Thursday can't come soon enough.
Zijn er afleveringen die ontbreken?
NCEA and scholarship exams start today after a disrupted school year.
Students who have been affected by the ongoing level three lockdown are eligible for an Unexpected Event Grade.
If students don't sit the exam, they'll get that grade and if they do sit - they'll receive whichever grade is higher.
National Party education spokesperson Paul Goldsmith told Kate Hawkesby there'll be low numbers sitting exams in Auckland.
“The bit that worries me, is that is reveals a culture of achieving basic standards, then cruising, rather than striving for excellence.”
Auckland businesses are pleading for the right to reopen this week.
Cabinet will decide today whether to move the region to Step Three restrictions on Wednesday -- allowing bars, restaurants and hairdressers to reopen with public health measures in place.
A spokesperson for the Prime Minister has suggested such a move is unlikely.
But Hospitality New Zealand Auckland President Jamie Freeman told Kate Hawkesby he's trying to stay hopeful.
“We go to 3.3 and hit the traffic light system next week, we need to move as quickly as we can to orange and that’s when hospitality starts to make money and patron numbers are back.”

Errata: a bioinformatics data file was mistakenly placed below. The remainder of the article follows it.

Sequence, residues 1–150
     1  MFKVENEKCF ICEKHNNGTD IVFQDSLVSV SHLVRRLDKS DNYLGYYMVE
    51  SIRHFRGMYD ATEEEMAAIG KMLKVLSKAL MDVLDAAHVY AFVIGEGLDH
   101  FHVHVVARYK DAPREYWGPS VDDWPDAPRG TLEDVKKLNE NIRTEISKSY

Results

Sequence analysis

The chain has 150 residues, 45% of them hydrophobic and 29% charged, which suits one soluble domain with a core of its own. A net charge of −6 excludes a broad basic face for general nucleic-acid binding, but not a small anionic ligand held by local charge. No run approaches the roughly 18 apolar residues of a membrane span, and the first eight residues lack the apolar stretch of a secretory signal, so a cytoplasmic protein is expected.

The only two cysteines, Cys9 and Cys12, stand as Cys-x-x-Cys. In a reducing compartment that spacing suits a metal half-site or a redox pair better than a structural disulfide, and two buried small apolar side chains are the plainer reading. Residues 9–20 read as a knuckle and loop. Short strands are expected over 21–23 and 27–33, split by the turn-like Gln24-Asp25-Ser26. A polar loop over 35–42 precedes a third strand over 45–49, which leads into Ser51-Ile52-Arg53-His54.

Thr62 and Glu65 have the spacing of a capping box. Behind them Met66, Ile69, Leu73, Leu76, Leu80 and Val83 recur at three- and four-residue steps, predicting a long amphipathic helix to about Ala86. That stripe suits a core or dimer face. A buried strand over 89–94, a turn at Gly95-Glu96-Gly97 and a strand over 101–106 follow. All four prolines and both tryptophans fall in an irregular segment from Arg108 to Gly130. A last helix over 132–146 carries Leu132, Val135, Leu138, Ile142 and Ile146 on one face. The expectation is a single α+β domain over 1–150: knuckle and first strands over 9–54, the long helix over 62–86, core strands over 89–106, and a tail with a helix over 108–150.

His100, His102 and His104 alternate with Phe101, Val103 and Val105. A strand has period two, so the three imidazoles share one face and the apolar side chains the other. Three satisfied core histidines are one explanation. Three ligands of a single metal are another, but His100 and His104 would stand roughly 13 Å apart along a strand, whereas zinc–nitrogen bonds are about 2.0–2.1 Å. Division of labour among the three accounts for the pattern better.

So, Northland's lagging behind in the vaccination stakes - second to last on the national league table.
But to be fair, it's not for a lack of effort.
Right now, there are campervans touring around offering vaccines, pop-up vaccination tents left right and centre.
At the weekend, the DHB staged an all-day event in Whangarei with music, dancers, free kai and vaccinations - must have cost thousands.
The result: 350 jabs.
Now, after 4 months of miserable lockdown, Aucklanders are itching to go north for a couple of weeks in the sun, spending up on accommodation and hospitality.
And Northland needs it. We've been blocked from the rest of the country, blocking us from that tourist money.
But the worry is, that Covid will depart from Auckland and arrive in Northland before Northland is ready to deal with it.
In theory, people can't leave Auckland without being double-vaxxed or having a negative test but the Government wants to run this on a trust model.
Like the drink-drive laws the Prime Minister said the other day...oh...righto.
Here's the thing. We have been pouring millions into this campaign to get people vaccinated.
But the daily increments have been getting smaller, much smaller.
We are very very close now to reaching everyone who wants to be reached.
I still believe it's absolutely a person's right to say no, even though the potential consequence falls on the rest of us as taxpayers.
But there has to come a time when we dial back on this insane profligacy, and quit making excuses for lazy people.
If you want a jab, go get a jab. If you don't, that's your privilege, and your look-out.